In this case the Court accepted the Minister’s position that a patent with combination patent claims and formulation claims to a triple medicinal ingredient product was not eligible for listing.
The claims of interest referred to 2 of the 3 medicinal ingredients explicitly: tenofovir disoproxil fumarate and emtricitabine. The third medicinal ingredient as claimed in both formulation and combination compound claims was referred to as an “anti-viral agent”; an anti-viral agent selected from either an HIV protease inhibitor, an HIV nucleoside reverse transcriptase inhibitor, an HIV non-nucleoside reverse transcriptase inhibitor (NNRTI) or an HIV integrase inhibitor; or, more specifically, an antiviral agent which was an NNRTI. It was acknowledged by the parties and found as a fact that rilpivirine is an NNRTI.
Counsel for Gilead argued that the Minister was incorrect in not listing the patent under s. 4(2)(b) of the Patented Medicines (Notice of Compliance) Regulations ("Regulations") (which deals with claims to a formulation). Further, the patent was, in any event, eligible under s. 4(2)(a) (which deals with claims to a medicinal ingredient) on the basis that the product falls within the combination compound claims.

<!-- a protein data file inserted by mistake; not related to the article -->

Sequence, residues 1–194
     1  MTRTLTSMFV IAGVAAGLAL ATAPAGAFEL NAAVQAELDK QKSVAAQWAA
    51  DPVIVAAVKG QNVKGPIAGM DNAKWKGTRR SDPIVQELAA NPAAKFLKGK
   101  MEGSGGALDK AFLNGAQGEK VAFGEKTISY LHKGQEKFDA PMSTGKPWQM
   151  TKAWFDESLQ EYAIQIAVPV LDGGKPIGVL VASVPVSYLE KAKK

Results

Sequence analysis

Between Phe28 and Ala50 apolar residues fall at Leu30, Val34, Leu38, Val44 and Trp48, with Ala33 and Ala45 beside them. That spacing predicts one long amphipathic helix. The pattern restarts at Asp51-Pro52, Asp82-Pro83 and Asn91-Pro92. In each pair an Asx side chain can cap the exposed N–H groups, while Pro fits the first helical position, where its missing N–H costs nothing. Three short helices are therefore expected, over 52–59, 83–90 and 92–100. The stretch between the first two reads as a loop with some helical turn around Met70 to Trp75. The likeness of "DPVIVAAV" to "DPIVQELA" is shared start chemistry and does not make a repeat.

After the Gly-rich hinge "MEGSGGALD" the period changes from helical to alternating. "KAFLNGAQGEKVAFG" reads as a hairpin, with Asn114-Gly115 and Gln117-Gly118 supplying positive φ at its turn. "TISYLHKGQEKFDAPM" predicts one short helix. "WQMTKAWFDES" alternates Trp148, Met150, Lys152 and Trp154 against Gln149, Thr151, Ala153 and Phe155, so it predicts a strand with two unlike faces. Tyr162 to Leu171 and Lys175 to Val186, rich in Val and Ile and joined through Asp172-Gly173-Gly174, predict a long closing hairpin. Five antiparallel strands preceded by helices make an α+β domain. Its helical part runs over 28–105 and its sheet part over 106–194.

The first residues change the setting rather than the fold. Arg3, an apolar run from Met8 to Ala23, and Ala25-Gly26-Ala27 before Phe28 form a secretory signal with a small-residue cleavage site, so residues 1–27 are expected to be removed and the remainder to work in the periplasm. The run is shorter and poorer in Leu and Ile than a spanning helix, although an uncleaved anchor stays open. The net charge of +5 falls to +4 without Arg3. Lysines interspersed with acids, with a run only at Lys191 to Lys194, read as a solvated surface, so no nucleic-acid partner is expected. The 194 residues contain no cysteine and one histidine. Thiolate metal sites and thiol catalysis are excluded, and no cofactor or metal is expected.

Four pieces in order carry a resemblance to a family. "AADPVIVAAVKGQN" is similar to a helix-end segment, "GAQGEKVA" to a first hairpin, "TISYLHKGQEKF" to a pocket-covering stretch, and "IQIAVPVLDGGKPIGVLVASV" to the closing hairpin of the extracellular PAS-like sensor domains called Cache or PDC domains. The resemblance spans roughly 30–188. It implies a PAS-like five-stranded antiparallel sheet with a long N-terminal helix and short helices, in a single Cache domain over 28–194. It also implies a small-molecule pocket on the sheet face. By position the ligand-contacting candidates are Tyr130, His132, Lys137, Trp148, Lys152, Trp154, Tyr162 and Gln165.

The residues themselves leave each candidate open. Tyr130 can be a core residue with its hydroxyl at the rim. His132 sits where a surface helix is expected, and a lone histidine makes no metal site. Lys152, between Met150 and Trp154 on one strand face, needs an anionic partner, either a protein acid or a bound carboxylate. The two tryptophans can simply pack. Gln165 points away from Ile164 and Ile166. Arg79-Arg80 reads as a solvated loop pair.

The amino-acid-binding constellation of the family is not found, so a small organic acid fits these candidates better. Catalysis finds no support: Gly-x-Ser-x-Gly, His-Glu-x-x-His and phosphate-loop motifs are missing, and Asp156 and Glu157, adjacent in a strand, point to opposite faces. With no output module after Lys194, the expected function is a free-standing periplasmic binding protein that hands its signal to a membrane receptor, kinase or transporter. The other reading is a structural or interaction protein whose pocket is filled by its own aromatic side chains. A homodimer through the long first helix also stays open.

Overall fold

The Minister's position was that the relevant claims had to be considered under s. 4(2)(b) as formulations rather than as combinations under s. 4(2)(a), since the NDS was for the approval of a formulation of three active medicinal ingredients in a tablet.
The judge acknowledged that there were formulation and compound claims that made reference to a third antiviral agent. The Judge also accepted that different types of claims are to be construed differently and that the test for listing of claims to compounds under s. 4(2)(a) was not as restrictive as the test for listing formulation claims under s. 4(2)(b), referring to the decision in Bayer Inc. v Canada (Minister of Health), 2009 FC 1171, aff’d 2010 FCA 161. However, the Court went on to accept the Minister’s position that the patent was properly considered for listing under s. 4(2)(b). Applying the Court of Appeal decisions in Bayer and Purdue Pharma v Canada (Attorney General), 2011 FCA 132, the Court found that the failure to explicitly mention rilpivirine in the claim meant that the patent was not eligible for listing under s. 4(2)(b).
The analysis under s. 4(2)(b) alone arguably extends the doctrine of specificity beyond the Bayer and Purdue Court of Appeal decisions. In those decisions, the claims at issue did not even refer to a second medicinal ingredient at all and thus were not listable. The additional language in the claims in this case could have been the basis for a different conclusion by the Court.
A copy of this decision is attached: